An Operator’s Mindset Leads to Better Treatment System Design

When I was a young engineer, fresh out of school and just starting my career, I had what I believe was an excellent learning opportunity. At the time, I mostly did it for the extra money, but as my career has progressed, I have come to recognize the real value of this experience. It wasn’t a research project or a training course. It wasn’t even an especially influential mentor. It was the time I spent studying for my Grade 5 operator’s license in Massachusetts and later as the weekend operator at a small wastewater treatment plant.

The plant wasn’t a typical municipal treatment facility. It was on a college campus and was one of the most unusual plants we operated, and it gave me exposure to all aspects of wastewater treatment. More importantly, it gave me a direct understanding of what it’s actually like to operate the kind of facility I was designing from Monday to Friday. I saw firsthand how important “operability” is and that it’s not just an abstract idea. The decisions I was making about how to lay out a treatment process, the position of critical equipment, and how each pipe, pump, and valve was positioned had a huge impact on the people who worked in the plant every day. What seemed like small decisions in front of the computer might make what could be an easy task for an operator into a frustrating and time-consuming job.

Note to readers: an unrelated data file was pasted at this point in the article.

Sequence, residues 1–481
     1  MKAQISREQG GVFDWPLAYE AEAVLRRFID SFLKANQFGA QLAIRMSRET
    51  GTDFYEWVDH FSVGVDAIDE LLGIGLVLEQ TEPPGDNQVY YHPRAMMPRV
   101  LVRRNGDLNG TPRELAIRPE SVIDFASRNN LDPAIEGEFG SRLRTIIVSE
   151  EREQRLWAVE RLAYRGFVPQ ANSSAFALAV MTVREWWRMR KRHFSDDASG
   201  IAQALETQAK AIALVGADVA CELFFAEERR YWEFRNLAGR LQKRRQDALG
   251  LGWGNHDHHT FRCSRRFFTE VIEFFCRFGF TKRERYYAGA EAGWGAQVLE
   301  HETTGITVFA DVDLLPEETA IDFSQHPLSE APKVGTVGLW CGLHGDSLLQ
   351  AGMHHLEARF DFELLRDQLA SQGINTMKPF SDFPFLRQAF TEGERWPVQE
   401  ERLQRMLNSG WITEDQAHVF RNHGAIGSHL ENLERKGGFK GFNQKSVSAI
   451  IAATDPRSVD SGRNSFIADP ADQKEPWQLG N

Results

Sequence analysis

The lessons I learned on those weekends early in my career have informed every single design I have worked on since then. And now, as someone charged with leading a group of engineers who are working with communities across the country to tackle essential water reclamation challenges, passing these lessons on has become one of my key goals. I believe that engineers with hands-on experience operating a treatment plant make better design decisions that save our clients time, effort, and money in the long run.

To that end, we have initiatives in our community of practice to encourage young engineers to pursue their operator’s licenses and to put them in plants as operators early in their careers. And I’ve watched people who have taken this opportunity, learned the treatment plant operations profession, and become some of the most creative and effective designers I’ve had the pleasure to work with.

One of the things that I am most proud of, is the emphasis that Woodard & Curran puts on delivering short- and long-term value for our clients. Training our engineers to think like operators is one important way we do that, but it’s far from the only way. In a future post, I’ll detail other ways that we leverage one of our most important advantages: the hundreds of water and wastewater treatment plant operators and operations experts in our O&M group.


Susan Guswa Innovation Leader Water

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